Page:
Monday, January 17, 2011

Daryl Jimmy, Jimmy Daryl


Daryl Jimmy’s road to tattooing was beset upon all sides by the tyranny of evil men. After he ditched high school, he had to swallow a bitter pill – art school would not accept him. He angrily took to building, repressing his creative urges, until the call of tattooing was bellowing loudly enough to give him tinnitus.

In his hometown of Marilyn, 20 minutes outside of Washington DC, Daryl went shop to shop, hustling for an apprenticeship. He played shop gofer for a few different places, before realizing he was being taken advantage of and his overlords had no intention of teaching him to tattoo. Out of sheer desperation, our protagonist ordered a machine online (uh-oh) and, like the virgin he was, proceeded to “hack himself up at home” with varying degrees of success. Finally, Capitol Tattoo came to rescue, and employed Daryl. Under the tutelage of Tyler at Capitol, Daryl was encouraged to look beyond one teacher and into the wider world of tattooing. The upside of this is that these days, he genuinely enjoys learning and collaborating with others.
As with most tattooists, he paints watercolors and spends the bulk of his spare time drawing tattoo flash. Daryl’s favorite style of tattooing is, as he aptly describes it, “neo-traditional, semi-realistic 90s color bomb” work.
“My favorite stuff is honestly stuff from the 90s,” he says. “I thought Marcus Pacheco and those dudes were really doing right. They took it as far as I was interested in, in terms of realism. I’m capable of being really meticulous, but I don’t like it.” He also loves the work of prolific 17th century baroque painter, Peter Paul Rubens, who’s understanding of “the science of reality” blows his mind.

Cartooning and graphic illustration are another of Daryl’s passions. He doesn’t use reference, and often he prefers to not trace, but look at an object and free draw. “If I’m drawing an animal, sometimes it might be a bit anatomically fucked, an eye might be bigger than the other, but it will come out looking more like the animal if I draw it myself, even though it’s an exaggeration. I like cartooning because it’s exaggerated, it’s boiling something down to its simplest essence.”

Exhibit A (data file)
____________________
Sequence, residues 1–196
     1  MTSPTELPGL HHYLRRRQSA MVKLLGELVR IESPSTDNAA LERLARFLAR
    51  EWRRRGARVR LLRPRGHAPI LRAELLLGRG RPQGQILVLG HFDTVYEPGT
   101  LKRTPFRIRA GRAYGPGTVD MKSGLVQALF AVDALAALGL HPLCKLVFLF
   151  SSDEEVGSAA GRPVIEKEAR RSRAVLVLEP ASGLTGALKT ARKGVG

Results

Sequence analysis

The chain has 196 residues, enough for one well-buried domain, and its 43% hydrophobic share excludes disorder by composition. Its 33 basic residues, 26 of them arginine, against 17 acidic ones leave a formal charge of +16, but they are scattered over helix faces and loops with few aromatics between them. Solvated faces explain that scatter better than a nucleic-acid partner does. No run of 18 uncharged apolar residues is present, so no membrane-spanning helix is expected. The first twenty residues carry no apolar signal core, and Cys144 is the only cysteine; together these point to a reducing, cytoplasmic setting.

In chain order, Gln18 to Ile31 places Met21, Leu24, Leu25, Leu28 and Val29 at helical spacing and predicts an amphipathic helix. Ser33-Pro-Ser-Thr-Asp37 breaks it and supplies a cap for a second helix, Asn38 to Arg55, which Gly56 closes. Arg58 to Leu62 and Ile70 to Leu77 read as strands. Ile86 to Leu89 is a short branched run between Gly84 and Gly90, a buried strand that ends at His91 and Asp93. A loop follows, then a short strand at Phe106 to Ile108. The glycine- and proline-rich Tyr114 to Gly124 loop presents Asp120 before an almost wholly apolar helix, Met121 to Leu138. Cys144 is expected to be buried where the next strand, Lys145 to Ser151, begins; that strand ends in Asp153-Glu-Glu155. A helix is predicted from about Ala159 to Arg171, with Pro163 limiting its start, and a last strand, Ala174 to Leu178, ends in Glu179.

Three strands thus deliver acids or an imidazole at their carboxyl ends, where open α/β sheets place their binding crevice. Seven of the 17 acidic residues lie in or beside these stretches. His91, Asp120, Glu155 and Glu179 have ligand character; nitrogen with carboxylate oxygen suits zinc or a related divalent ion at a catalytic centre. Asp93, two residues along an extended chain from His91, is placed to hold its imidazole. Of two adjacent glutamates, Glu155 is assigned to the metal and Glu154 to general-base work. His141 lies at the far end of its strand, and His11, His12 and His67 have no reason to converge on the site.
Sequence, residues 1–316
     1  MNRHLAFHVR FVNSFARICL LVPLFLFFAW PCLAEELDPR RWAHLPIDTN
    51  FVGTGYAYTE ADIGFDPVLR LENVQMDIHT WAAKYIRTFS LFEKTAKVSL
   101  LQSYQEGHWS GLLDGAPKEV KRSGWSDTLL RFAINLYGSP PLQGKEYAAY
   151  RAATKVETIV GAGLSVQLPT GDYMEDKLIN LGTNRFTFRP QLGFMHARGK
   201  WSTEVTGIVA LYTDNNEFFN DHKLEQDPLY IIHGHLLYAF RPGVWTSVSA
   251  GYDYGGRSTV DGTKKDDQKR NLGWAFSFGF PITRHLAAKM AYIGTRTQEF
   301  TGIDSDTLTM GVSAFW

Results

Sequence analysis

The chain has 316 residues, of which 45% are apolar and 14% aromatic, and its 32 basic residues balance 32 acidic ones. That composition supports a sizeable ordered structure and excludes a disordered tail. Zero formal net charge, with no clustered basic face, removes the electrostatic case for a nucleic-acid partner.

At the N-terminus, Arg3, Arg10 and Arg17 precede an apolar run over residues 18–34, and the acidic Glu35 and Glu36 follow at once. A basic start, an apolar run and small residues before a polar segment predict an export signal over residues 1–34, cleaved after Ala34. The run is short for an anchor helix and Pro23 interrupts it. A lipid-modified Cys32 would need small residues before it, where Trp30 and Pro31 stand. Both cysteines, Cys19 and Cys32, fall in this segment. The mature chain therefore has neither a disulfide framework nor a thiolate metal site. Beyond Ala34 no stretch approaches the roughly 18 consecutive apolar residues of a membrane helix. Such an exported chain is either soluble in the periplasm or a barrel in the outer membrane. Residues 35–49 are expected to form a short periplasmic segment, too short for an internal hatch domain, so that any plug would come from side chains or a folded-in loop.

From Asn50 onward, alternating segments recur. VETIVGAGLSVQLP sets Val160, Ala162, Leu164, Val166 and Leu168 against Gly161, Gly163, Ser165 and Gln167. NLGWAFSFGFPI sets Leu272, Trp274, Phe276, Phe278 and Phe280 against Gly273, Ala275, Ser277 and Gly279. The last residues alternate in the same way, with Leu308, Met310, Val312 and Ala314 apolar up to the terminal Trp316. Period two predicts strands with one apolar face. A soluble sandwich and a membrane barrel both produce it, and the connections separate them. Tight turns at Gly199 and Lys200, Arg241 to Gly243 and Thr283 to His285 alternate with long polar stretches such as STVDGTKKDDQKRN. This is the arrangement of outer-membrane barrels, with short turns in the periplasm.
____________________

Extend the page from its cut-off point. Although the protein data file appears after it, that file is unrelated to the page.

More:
Daryl believes old school values are still important and relevant, despite the changing times. “There’s a reason for things. There’s a reason to turn away someone who wants their hand tattooed for their first tattoo. There’s a reason you try not to shit on the guy down the street, even if he pisses you off or does a crappy job. There are reasons for all these things, and even if you haven’t been around long enough to see the full extrapolation of why people did things the way they did, there’s probably a reason and you shouldn’t be as arrogant as to presume that you just know better because you don’t see why.”

At the dinner table of his dreams, Daryl would play host to artists Walton Ford, Rubins, (our own) Adam Craft, Mike Rubendall & Jeff Gogue. He would serve a color-bomb risotto with a side of fucked animal eyeball.

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